Beginnings of the Bee

Owl was my first word. My grandma always dressed me in pink and had fake flowers around the house. Drawn by Kansas City-based artist, Peregrine Honig, these first two tattoos found a permanent home on my left shoulder. They made sense—I intuitively understood them.

I knew another tattoo was on the way, but I hadn’t realized it in my mind. When Peregrine said she had been waiting months to get a bee, I suggested we get them together. At the time I didn’t know why—it was just a feeling. A few weeks later, her and I were back under the needle. My bee wanted to just be a black outline; hers had color. The inside of your arm is a lot more sensitive than your back, but it felt like the right place.

Alicia & Peregrine’s bee tattoos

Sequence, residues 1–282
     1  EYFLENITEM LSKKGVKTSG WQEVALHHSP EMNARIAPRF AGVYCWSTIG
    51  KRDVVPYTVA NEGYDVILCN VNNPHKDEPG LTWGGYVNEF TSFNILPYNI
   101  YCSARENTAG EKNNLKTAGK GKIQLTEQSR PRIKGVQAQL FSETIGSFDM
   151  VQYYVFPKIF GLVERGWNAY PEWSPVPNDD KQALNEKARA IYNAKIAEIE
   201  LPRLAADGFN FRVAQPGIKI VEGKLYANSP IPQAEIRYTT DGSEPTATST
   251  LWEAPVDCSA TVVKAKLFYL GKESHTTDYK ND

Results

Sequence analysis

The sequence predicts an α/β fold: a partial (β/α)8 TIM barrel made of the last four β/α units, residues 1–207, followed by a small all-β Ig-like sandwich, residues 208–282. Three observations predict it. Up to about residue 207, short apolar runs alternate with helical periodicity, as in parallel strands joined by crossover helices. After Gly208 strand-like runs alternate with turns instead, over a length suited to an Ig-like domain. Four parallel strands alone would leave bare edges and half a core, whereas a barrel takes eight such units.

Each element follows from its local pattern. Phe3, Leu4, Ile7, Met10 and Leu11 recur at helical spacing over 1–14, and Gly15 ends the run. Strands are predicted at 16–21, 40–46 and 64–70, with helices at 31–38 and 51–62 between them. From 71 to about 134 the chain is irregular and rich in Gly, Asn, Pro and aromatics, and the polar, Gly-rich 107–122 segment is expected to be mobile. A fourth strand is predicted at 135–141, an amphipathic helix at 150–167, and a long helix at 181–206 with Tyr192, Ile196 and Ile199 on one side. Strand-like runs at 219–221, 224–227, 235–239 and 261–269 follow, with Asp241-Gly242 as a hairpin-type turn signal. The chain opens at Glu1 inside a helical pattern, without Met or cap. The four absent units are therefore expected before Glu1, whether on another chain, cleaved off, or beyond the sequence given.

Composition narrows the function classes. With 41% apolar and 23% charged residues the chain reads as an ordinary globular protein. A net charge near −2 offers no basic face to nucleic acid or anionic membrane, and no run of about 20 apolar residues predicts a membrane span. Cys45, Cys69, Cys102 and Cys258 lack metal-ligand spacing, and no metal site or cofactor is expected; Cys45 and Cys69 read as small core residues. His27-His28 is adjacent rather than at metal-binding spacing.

Even after the bee tattoo healed, however, I wasn’t sure what it meant for me. I figured that the answer would come with time.

When I decided to begin my own social media consulting business, I searched for a logo. A friend pointed to my bee tattoo and said “Hey, why don’t you use that? Bees are social, you’re creating buzz and it’s pretty cool that you can flash that tattoo whenever people ask about your business.” And that’s exactly what I decided to do.

The bee on my arm isn’t just any bee—it’s a queen bee. An integral part of the hive, the queen bee’s sole function is to serve as the reproducer. She can lay up to 2000 eggs per day. The queen bee is usually “the mother of all bees in the hive.”

Social media is all about growing communities. But they can’t begin without a queen bee.

That’s where I come in. Let’s create some bzzzzzzzzzzzzz!